The advocates of an improvement technology often become passionate about its value; not only its absolute value, but also it's value in comparison to other "competing" technologies. There is an astonishing amount of "mine is better than yours" dialogue in many forums.
Our philosophy, based on more than 60 years of combined industrial experience, is that each technology carries at the very least a nugget of gold; and many nuggets of gold are more valuable than just one. The key lies in fitting the solution (technology) to the problem, rather than taking the position elegantly described in the phrase "when you have a hammer, everything looks like a nail." It's amazing to me that some companies actually define themselves in terms of the hammers they have chosen - "we're a Six Sigma company," for example.
There's room for common sense, surely. If you don't have enough sales, and your competition is beating you up with shorter lead times and better on-time delivery, and your sales people can literally tell you exactly which accounts they could win if you improved lead time and on-time delivery ... then CRM isn't your solution. Nor is a reduction in variability. Or outsourcing your IT. You need a technology that reflects a deep understanding of scheduling the flow of material through a bunch of resources where statistical fluctuation exists and there are dependent events.
If you are new to this technology, I think you'll find value in the following article.
Using Quality Management Principles To Retain Customers And Boost Profits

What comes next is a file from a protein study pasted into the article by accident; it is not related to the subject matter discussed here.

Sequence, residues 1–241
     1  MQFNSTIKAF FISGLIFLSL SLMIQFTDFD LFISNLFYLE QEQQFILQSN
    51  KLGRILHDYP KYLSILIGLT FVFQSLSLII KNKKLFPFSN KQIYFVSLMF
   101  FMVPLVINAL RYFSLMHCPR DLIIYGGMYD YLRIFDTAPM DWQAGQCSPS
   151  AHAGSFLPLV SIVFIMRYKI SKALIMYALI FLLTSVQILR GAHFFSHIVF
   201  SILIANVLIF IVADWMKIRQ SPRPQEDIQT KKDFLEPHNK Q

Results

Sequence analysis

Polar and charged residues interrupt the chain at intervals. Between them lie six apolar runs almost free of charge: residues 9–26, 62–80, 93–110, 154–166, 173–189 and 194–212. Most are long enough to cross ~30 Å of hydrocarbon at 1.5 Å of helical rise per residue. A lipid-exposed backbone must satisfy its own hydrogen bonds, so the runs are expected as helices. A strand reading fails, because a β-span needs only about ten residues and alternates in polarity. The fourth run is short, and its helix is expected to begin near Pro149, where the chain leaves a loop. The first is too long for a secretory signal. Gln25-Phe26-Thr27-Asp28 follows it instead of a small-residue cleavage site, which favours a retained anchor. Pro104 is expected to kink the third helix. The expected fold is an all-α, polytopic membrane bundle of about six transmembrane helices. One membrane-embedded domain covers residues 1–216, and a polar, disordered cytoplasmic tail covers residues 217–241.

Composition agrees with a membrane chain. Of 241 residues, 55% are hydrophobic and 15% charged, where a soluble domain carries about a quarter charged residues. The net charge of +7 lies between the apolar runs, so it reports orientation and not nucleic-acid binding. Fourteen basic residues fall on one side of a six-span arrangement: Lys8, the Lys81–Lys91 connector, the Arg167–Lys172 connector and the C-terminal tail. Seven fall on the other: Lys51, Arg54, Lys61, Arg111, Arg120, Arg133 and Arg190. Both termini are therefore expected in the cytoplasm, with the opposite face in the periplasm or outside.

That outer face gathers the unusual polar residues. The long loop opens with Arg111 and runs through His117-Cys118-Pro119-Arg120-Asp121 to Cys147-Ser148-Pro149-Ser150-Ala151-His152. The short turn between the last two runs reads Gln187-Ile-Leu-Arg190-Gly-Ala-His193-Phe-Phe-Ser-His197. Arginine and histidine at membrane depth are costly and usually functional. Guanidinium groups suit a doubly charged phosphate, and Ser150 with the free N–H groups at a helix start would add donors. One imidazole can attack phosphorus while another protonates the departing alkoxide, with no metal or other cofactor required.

By CJ Ng
This seems exactly like an oxymoron. After all, for a marketing strategy to work, it is commonly perceived that one needs to be creatively generating ideas to entice customers, so that they buy more from us. This does not seem to fit very well with working in conformance with a quality management system. In fact, most people may find that structured systems stifle creativity, and will not generate optimal marketing results, if any positive result can be generated at all.
Contrary to conventional thinking, the critical success factor of a marketing strategy or process lies not in how creative the marketer is.
The critical success factors for your marketing to work for you are:
How you generate ideas to provide products and services to meet the explicit and implicit requirements of your customers
How you can take those ideas and successfully convert them into products and services efficiently and effectively (while at the same time making sure that your customers will be attracted to you more so than anybody else)
How you can gauge whether you are hitting the right targets or not (i.e. whether you customers are actually delighted with what you provide) and more importantly...
How you can keep yourself relevant by monitoring and adapting to changing customers' requirements.
As you can see, generating ideas is only the tip of the iceberg. Besides, the more critical issue is not about generating the most creative idea, but generating those that allow you meet you customers' (sometimes hidden) requirements.
Creating a Quality Marketing System
If you need to know more about what are the varied requirements of your customers, it may be a good idea to approach this in a systematic way. Anything that gives you a better picture of what your customers need, want or demand can be classified as "Market Intelligence". This important information has to be disseminated across your company, from top management to marketing to production to support services to customer service and beyond to ensure marketing success for you. This information, and analysed, distributed and acted upon, will then allow you to reap the most handsome rewards from your customers.
For example, if you operate a computer school running general I.T. application training programmes, such as MS Office, you may want to know from your existing customers regarding:
What makes your customers sign up for the training programme?